Shadows do a lot of things. And not all of it is bad.
Most people think of what I’ll call the “evil” part of shadows. They hide things. Obscure the truth. Bad guys lurk in shadows. Innocent people get mugged in shadowy alleys. The scary glowing eyes always come out of a shadow. When a horror flick wants to alert you that something bad is afoot – shadow.
And it’s true. Shadows are great places to hide – people, things or facts. Want to lead your reader down the garden path? Stick in some shadows. Not just the physical kind, either. Words can cast shadows, too. Because in a shadow, there’s just enough light to see that something is there – just not exactly what.
It’s that unknown factor that is creepy. Once you shine a light, the shadow is gone. What is hidden is revealed. It might be bad, but at least you know what’s coming. The mystery is revealed. Really – would a brightly lit horror flick be as scary? Probably not.
But shadows aren’t only hiding places. Shadows soften things. My daughter is an artist. When she wants to make a gentler picture, she uses shadows. The main action might be bright color, but the depth comes out in those tones of gray. She does it with makeup. When she wants to make her cheekbones stand out, she shades the hollows of her cheeks. Subtle. Barely noticeable. But it gives a depth to her face, a depth that is most remarkable when you don’t see it.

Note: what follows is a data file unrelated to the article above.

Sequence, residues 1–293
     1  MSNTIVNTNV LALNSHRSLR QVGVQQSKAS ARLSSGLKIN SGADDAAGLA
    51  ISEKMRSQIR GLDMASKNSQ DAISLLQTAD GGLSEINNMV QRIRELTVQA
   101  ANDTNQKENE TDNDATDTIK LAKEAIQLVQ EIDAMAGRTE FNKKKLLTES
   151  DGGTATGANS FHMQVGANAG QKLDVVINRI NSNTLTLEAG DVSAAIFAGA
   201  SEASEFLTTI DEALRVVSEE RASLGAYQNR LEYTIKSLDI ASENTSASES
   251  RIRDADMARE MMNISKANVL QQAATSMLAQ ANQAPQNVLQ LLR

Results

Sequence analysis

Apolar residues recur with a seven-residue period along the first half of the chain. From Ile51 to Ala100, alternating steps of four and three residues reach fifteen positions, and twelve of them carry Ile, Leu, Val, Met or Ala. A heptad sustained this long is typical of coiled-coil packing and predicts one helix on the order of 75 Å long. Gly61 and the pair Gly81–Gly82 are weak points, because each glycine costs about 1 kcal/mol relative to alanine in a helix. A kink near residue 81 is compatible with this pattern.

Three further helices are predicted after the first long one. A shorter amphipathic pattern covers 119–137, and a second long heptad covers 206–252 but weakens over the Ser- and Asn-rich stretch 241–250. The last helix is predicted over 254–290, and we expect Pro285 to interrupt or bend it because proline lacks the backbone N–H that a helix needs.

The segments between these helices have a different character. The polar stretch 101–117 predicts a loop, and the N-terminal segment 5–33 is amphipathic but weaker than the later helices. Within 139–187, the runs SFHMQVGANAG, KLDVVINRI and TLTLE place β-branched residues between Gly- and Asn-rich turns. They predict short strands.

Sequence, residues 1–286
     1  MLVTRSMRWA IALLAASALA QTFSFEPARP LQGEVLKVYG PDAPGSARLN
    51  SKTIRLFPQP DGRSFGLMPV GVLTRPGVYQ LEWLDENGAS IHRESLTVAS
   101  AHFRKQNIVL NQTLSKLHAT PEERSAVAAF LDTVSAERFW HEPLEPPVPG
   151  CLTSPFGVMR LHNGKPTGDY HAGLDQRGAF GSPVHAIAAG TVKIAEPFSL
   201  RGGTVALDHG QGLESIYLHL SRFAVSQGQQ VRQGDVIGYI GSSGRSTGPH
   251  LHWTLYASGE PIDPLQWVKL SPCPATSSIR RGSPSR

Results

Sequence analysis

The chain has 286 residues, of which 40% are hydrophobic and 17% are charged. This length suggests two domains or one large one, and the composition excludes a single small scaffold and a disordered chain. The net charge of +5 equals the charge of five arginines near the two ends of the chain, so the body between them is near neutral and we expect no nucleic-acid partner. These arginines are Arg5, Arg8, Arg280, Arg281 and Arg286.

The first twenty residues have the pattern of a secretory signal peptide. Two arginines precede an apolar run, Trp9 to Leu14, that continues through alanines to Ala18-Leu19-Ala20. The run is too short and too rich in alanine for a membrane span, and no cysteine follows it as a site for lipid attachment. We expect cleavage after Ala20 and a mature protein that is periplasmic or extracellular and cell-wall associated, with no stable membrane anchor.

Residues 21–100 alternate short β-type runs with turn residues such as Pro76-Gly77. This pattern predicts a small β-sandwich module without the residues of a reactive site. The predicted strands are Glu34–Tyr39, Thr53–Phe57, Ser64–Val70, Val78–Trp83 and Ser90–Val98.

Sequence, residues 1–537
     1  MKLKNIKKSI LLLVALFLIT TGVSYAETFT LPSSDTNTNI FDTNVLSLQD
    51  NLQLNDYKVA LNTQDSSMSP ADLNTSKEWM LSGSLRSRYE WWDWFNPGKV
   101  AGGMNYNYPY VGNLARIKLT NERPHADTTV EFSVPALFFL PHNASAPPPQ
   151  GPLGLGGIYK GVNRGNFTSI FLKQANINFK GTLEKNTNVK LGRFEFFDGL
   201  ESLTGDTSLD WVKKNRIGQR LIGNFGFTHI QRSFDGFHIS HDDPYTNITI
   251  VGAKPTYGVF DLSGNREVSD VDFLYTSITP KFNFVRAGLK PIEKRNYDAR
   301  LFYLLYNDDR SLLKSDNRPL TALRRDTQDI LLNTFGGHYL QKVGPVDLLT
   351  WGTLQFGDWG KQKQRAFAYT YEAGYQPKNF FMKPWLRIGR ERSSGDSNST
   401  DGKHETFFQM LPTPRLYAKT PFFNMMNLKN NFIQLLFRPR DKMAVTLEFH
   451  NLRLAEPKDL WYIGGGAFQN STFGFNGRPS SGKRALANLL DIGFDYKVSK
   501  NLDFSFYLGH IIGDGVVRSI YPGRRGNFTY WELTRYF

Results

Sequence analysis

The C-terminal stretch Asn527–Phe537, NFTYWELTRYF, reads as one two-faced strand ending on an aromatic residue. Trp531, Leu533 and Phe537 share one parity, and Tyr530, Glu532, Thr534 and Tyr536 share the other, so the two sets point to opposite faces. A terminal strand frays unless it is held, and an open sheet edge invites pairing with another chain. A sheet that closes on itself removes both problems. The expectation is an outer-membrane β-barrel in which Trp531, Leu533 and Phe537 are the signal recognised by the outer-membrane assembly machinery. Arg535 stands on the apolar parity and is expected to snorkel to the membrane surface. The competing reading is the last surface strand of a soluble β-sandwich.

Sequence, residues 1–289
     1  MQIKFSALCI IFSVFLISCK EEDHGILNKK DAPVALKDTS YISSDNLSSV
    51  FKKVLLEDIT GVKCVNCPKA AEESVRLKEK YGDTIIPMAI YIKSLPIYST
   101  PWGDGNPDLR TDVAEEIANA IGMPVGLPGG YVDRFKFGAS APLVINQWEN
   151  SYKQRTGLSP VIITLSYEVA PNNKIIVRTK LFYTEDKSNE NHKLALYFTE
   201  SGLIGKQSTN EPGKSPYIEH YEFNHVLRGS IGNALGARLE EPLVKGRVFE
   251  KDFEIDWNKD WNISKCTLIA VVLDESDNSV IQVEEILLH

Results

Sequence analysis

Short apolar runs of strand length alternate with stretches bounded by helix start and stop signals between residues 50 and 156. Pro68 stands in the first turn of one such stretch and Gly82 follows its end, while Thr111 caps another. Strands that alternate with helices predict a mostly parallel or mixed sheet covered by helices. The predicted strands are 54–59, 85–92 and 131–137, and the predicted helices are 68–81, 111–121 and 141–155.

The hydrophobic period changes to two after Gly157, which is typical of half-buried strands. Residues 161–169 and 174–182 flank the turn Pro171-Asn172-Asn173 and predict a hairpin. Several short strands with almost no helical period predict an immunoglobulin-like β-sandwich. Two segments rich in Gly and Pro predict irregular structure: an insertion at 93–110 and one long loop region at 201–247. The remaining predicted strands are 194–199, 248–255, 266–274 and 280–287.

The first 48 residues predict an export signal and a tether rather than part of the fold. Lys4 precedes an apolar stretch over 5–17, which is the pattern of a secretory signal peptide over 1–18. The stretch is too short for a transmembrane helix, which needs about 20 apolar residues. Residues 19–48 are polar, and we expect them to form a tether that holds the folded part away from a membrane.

It’s the same with fiction. Readers complain about cardboard characters. People who are more like caricatures, than living, breathing humans. A lot of times it’s because these characters have no depth; no shadows are there to soften the harsh planes, or bring out the light. I’m not talking about physical light. Earlier this week, Kait talked about backstory. Backstory gives depth, reality.
Backstory gives shadow.
For every light, there is a dark. Life is full of contrasts. As humans, as artists, as writers: we shouldn’t fear the shadows.
The shadows are what keep it interesting.
Mary Sutton | @mary_sutton73